So, one of the things I’ve heard about comedy and stand-up is, as much as they practice off-stage, a lot of the times when they go on they’re just workshopping their material to see what works or what doesn’t. With comics, you don’t get that immediate reaction; you do it and then later see what works and what doesn’t. Looking at the past year of your respective works and what you’re hoping for with this book, what do you guys think you’ve learned from what works, what doesn’t in comedy comics?
SL: I do have a bit of a workshop available to me. I’ve got Periscope Studios, a big studio of comic book writers and artists here in Portland, Oregon where we all share a space together. If I’m not sure about the timing on something or if I have two gags and I’m not sue which is more funny, I’ll just walk the room and show it to people here. I’ve had some really talented cartoonists who have helped me in trusting in the bit and making things funnier: Jeff Parker, Colleen Coover, Benjamin Dewey, all of whom have magnificent comedy chops and all of whom have looked over my shoulder and said “Do this one, this one’s funnier,” or “In between these four panels put a floating head in the middle,” stuff like that. Ben Dewey, just off the top of his head, can throw out three or four comedy ideas that I’ll just steal, I’m completely unhesitant at this point. I’ll take from anyone who is willing to give it.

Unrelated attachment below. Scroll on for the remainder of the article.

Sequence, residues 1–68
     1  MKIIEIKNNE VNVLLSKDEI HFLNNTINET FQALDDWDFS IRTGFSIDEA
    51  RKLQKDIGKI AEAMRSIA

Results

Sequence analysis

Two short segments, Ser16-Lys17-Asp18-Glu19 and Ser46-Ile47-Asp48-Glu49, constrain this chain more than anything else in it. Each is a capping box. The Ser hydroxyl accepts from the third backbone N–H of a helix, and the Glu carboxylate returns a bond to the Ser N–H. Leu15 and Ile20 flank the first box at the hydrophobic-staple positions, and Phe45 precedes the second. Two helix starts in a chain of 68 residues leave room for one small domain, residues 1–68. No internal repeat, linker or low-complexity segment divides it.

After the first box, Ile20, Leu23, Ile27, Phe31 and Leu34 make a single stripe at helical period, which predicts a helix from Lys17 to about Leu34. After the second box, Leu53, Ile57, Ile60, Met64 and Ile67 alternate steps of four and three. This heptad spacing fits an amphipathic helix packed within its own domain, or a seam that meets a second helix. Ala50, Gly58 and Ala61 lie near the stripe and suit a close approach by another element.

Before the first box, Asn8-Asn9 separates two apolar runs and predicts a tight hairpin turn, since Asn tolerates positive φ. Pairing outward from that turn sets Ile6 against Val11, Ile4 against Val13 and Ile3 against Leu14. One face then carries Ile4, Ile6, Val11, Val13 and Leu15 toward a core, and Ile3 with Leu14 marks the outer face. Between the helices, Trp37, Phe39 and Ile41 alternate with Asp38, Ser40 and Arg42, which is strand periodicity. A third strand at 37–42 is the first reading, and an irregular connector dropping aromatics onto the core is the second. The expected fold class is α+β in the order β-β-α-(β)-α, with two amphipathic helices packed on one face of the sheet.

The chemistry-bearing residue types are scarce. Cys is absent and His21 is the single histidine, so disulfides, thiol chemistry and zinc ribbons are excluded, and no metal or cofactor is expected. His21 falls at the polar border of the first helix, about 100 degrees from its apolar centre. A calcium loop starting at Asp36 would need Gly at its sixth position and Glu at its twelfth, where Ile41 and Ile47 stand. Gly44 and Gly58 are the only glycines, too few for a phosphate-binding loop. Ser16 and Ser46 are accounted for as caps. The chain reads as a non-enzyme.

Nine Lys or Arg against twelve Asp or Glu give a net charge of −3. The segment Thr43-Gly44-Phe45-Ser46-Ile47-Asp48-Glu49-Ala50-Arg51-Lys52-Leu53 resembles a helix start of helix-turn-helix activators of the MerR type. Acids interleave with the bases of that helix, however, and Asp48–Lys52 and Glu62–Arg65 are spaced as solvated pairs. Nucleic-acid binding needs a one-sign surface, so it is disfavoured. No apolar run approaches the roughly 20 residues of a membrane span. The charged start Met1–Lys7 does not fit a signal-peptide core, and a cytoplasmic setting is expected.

So yeah, I had that equivalent to a comedy troupe or a test audience to work material on.
JA: I just sign up for slots in open mic nights and read the script. [Laughs] No, but I do try and work things into conversations with people, to see what works in the moment, though that’s my least favorite comedic thing to do — to gauge material like that.
But ultimately I have huge trust the editors I’ve had at Valiant. Jody LeHeup, who helped launch “Quantum and Woody” was our editor, and Alejandro Arbona who took over, both of them have great instincts for comedy and storytelling. They’ve been fantastic first audiences to tell me when something’s not working. And in terms of what I’ve learned, I’ve kind of always believed in the real value of putting sincere emotion and vulnerability into your comedy, even when the audience does not think that that’s what they care about at all. It just ups their investment and their reactions; I wasn’t sure if comic book people necessarily felt the same way because there’s a certain bombast to superheroes and chicanery to comedy, where both feel like there’s so much going on and you don’t really need more.Continued below